At the end of the campaign, Emmanuel Macron is no longer the master of time

After months of seeing his opponents, including Marine Le Pen, Jean-Luc Mélenchon and Éric Zemmour, broadcast repeatedly on French news channels, the time had finally come for the presidential candidate to be at the center of the Warning.

The problem: this gathering, so close to the election deadline, took place while television channels and radio stations are subject to very specific broadcasting rules.

In the two weeks preceding the election, the media must respect strict equality in the speaking time granted to the twelve candidates for the presidential election.

Broadcasting the entire intervention of candidate Macron (more than two hours of speech) would have required the networks to devote as much time to each of his opponents.

Consequences: most radios and televisions have of course dealt with the event, but by limiting themselves to portions of the speech.

Emmanuel Macron and his entourage would they have gained by anticipating this partisan event, the only one of its kind during the presidential campaign?

Until then, the president was mainly devoted to the management of the war in Ukraine, in particular by multiplying the phone calls to Ukrainian President Volodymyr Zelensky and Russian President Vladimir Putin.

Candidate Macron visiting Spezet on April 5, in western France, in a crowd bath

Photo: Getty Images / Ludovic Marin

Head of state or candidate?

For several weeks, this emphasis on the role of head of state managing the crisis, which ensured him a great media presence, also seems to have benefited Emmanuel Macron. The president even exceeded 30% of voting intentions in the first round of the election, greatly ahead of his main opponents, including the candidate of the National Rally (RN), Marine Le Pen.

But the gap between Le Pen and Macron in voting intentions is narrowing. The latest polls now point to around 26% or 27% support for Macron, as Marine Le Pen continues to climb in the polls. On the left, Jean-Luc Mélenchon, of insubordinate France, is also experiencing a rise.

The fight also seems to be tightening for the second round of the election on April 24, which will see the two candidates who came first in the first round compete.

Emmanuel Macron in an office passes in front of a television.

Emmanuel Macron in the offices of France Inter as candidate Marine Le Pen attacks her opponent’s record on TV.

Photo: Getty Images / Ludovic Marin

A Harris poll published on Monday even raised the possibility that, in a duel between Emmanuel Macron and Marine Le Pen, the outgoing president will only obtain 51.5% of the vote, against 48.5% for his opponent. As a reminder, Emmanuel Macron had won with more than 32% ahead of Marine Le Pen during their 2017 electoral confrontation.

Many things can still change between now and the second round on April 24 and influence the carryover of the votes of the supporters of candidates who will have been eliminated in the first round. Add to that abstention, which could contribute to the unpredictability of the vote.

Nevertheless, President Macron himself seems to recognize the threat posed by the far right, he who deplores a trivialization of the candidate of the National Rally.

It is true that in recent months, Marine Le Pen, very present on the ground, has not attracted as much attention as some of her opponents.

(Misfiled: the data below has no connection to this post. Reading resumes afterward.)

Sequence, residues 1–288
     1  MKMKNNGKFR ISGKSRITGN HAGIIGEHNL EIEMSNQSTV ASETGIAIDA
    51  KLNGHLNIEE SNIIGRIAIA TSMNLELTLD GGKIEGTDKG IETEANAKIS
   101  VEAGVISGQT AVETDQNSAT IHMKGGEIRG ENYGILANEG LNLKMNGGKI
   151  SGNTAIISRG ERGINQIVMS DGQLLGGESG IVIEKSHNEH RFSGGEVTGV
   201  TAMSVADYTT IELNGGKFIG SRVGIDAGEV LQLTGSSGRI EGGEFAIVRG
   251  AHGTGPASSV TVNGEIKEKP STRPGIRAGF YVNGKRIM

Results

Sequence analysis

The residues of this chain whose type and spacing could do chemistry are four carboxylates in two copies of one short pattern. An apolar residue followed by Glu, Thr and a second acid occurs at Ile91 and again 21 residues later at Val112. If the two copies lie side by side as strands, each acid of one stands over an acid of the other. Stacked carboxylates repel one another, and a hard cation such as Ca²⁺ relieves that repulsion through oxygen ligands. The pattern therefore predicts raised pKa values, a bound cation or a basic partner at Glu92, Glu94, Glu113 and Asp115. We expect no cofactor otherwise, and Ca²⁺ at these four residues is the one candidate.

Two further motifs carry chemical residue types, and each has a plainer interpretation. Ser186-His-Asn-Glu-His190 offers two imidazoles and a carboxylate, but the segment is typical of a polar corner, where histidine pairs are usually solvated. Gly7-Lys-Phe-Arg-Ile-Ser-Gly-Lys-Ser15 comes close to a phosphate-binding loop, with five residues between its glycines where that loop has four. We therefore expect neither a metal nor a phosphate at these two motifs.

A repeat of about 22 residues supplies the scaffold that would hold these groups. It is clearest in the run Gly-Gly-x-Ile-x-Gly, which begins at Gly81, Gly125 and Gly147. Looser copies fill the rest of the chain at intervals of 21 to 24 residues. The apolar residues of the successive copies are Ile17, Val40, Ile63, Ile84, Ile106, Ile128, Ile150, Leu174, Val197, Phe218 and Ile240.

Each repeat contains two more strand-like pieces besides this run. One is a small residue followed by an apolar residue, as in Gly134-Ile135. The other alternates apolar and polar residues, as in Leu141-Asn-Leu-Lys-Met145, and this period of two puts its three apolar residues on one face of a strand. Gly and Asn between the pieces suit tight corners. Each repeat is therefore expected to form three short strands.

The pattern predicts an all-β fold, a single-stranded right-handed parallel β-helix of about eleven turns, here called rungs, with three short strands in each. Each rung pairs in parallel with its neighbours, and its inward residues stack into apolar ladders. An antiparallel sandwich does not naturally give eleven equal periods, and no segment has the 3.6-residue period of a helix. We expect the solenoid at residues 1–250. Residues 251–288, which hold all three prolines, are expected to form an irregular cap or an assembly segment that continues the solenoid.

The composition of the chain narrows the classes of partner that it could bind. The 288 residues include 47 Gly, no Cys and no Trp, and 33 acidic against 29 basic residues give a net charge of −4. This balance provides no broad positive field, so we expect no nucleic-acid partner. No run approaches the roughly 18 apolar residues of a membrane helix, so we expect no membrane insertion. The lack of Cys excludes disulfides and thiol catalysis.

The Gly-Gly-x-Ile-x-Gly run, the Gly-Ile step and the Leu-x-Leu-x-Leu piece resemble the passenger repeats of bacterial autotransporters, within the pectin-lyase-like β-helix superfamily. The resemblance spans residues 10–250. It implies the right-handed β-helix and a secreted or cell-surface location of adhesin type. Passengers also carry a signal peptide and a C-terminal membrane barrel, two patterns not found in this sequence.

Since his appearance on the scene last fall, it has been his competitor Éric Zemmour who has attracted a lot of attention. In the Ukrainian file, it is above all the polemicist who has become a candidate, and not Marine Le Pen, who has drawn criticism for past positions favorable to Moscow.

This context, added to a strategy aimed at polishing the image of the candidate, means that, according to the firm Ipsos, 50% of French people today consider Marine Le Pen unsympathetic, whereas they were more than 60% think so five years ago.

Marine Le Pen in front of a stall.

Marine Le Pen of the National Rally meets voters at the market in Haguenau, eastern France

Photo: Getty Images / Sebastien Bozon

The importance of the issue of purchasing power

During this campaign, the RN candidate also seems to have succeeded in imposing herself in debates dear to French voters.

In recent months, we have been able to see it in the context of reports, and the polls confirm it: questions related to purchasing power and the cost of living are the priority of the French in view of the presidential election. The consequences of the war in Ukraine do nothing to reassure voters in this regard.

However, a recent Ipsos poll showed that Marine Le Pen and Emmanuel Macron are neck and neck (32% each) in terms of credibility on the issue of purchasing power.

In response to the inflationary surge, the French government has been offering a discount at the pump since last week. During his big rally on Saturday, candidate Macron also promised a 6,000 euro bonus to workers to help them cope with the rising cost of living.

Will these promises succeed in imposing themselves in the final stretch of the campaign?

Still a leader in voting intentions, the president himself continues to limit the possibility of sharing his message.

Emmanuel Macron refused to participate in a debate with his opponents before the first round.

If the president took part in an interview on public radio at the start of the week, his team however mentioned a scheduling problem to decline an invitation to a major political program on the television channel France 2. The eleven other contenders for the Élysée have yet marched on this set.

Instead of hearing the president being questioned by the presenters, viewers of the public channel will therefore have contented themselves with a rebroadcast of extracts from last Saturday’s rally at La Défense Arena. Rule of media equality obliges.

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